Border Patrol: 70 Percent Drop in Successful Evasions Since Title 42 Ended

  • March 4, 2024
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David J. Bier

This updates an earlier post.

Border Patrol Chief Jason Owens confirmed last week that the number of known successful evasions of Border Patrol (“gotaways”) have fallen to just 800 per day in fiscal year 2024—down 70 percent from 2,671 the week before the Title 42 expulsion authority ended on May 11. A decline in gotaways this large and fast is unprecedented in Border Patrol’s history, and even as the administration faces unrelenting criticism, this stands as a major immigration win.

I have previously written about this phenomenon, using numbers leaked by Border Patrol to friendly journalists who report them without the context of the broader trend. But this update confirms that the low numbers continued into January and February. Figure 1 shows the monthly data using the chief’s update and media reporting for more recent numbers and a Freedom of Information Act for the older numbers. Gotaways fell from a high of 73,463 in April 2023 just before Title 42 ended to about 21,758 in February 2024. Ending Title 42 appears to have been the biggest single benefit to border security in its history.

Interestingly, the decline in gotaways has persisted even when the number of arrests has increased. Getting rid of Title 42 without letting people come legally was never going to change every aspect of the situation, but it has not made the situation worse. From the standpoint of border security, the situation has improved dramatically because fewer people are escaping screening by the Border Patrol. This means Border Patrol can more effectively screen out criminals. Moreover, contrary to the apocalyptic claims about ending Title 42, the average number of Border Patrol arrests has not increased.

Figure 3 shows the “gotaway” rate—that is, the share of gotaways out of all arrests and gotaways. This is a rough approximation of Border Patrol effectiveness, controlling for the total inflow. As it shows, since Title 42 ended, the gotaway rate has fallen dramatically to below 14 percent, the lowest level outside of a couple months in 2019. This is a return to the trend under the Obama administration in reducing the rate of successful crossings. Every month since August 2023 has been below 15 percent—the longest such period on record. According to the Rio Grande Valley sector chief, this trend of low gotaway rates continued in that sector into March, and Fox News is reporting a low rate nationwide in March as well.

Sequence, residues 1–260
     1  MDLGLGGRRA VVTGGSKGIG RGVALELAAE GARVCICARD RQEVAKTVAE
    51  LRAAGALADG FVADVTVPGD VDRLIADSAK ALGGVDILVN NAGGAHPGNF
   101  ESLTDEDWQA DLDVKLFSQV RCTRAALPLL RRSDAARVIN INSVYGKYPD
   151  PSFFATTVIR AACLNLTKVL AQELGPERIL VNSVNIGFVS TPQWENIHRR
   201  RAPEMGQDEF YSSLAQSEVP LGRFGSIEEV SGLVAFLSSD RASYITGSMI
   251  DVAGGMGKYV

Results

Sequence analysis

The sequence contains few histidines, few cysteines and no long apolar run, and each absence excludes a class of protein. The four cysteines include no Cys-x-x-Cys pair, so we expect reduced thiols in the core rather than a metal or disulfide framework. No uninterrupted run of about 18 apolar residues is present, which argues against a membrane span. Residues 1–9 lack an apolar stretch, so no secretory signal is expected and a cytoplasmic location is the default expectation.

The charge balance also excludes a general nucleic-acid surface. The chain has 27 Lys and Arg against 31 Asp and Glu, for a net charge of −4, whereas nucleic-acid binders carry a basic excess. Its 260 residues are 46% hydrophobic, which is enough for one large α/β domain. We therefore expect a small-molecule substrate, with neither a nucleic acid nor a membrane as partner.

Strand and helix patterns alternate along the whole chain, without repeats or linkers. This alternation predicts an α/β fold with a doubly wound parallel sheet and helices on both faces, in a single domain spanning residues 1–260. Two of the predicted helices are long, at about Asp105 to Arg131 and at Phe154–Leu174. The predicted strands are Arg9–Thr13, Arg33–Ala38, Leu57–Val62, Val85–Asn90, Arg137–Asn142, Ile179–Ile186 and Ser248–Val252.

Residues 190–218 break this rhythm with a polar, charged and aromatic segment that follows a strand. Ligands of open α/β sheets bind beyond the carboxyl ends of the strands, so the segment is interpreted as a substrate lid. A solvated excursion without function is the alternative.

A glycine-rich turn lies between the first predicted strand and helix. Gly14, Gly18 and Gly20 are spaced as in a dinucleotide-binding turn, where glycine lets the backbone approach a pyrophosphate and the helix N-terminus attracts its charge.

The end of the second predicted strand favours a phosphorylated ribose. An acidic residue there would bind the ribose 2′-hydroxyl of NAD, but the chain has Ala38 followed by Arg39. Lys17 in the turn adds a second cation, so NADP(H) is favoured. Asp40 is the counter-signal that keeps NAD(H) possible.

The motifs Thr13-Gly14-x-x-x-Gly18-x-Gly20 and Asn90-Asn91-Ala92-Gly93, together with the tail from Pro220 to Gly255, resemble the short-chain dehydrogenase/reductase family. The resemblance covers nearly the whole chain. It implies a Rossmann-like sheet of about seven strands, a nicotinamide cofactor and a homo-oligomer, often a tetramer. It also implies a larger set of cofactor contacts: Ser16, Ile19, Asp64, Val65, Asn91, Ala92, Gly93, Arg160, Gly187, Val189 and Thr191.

None of this should be a surprise. In our amicus brief outlining reasons to be skeptical of claims that Title 42 would cause a surge in illegal crossings, we explained that Border Patrol’s practice of placing people back on the other side of the border incentivized illegal crossings by giving individuals repeated chances to enter illegally. It also motivated people who would otherwise turn themselves in for asylum to slip in covertly.

Gotaway data have become more reliable over the past decade because border surveillance has increased dramatically from 2005 to 2023. Now, nearly the entire border has some form of electronic surveillance at all times. Moreover, the Obama administration made efforts to systematize the criteria for recording a gotaway to make the measure more consistent and reliable in 2014. Additionally, communication between stations was improved to remove double counting.

CBP also estimates the successful crossing rate using surveys of deportees. It first estimates the total flow of deportees returning to the US border based on surveys conducted by Colegio de la Frontera Norte International Border Survey. It then subtracts the number of deportees that it arrested and assumes the remainder escaped detection. Of course, some do attempt to reenter when they initially indicated no intention to do so, and some do not attempt to reenter when they said they did. CBP has made additional efforts to account for individual characteristics of crossers to resolve some of this problem.

While the model‐​based estimates are certainly not perfect, these data show that CBP’s observational data (gotaways) are improving compared to the models. Figure 4 compares the observational apprehension rates to the model‐​based rates. It shows that the observational data converged with the model‐​based data around 2014. From that point on, the observational gotaway data accounted for between 75 percent and 100 percent of modeled gotaways.

Although the gap between observational and modeled estimates was the largest in 2020 since 2014, observational gotaways still accounted for about 75 percent of modeled gotaways. 2020’s decline in modeled effectiveness likely reflects that people’s intentions changed in response to the pandemic and fewer people tried to enter illegally than the model predicted. There was no observed increase in gotaways during fiscal year 2020, which ended in October (though there was a dramatic increase by December 2020).

The United States has a legitimate interest in regulating the entry of serious criminals and other threats to Americans, and border security is a significant component of that effort. Ending Title 42 improved border security and reduced successful illegal entries. This should force the many members of Congress and the administration who opposed ending Title 42 to rethink their position.

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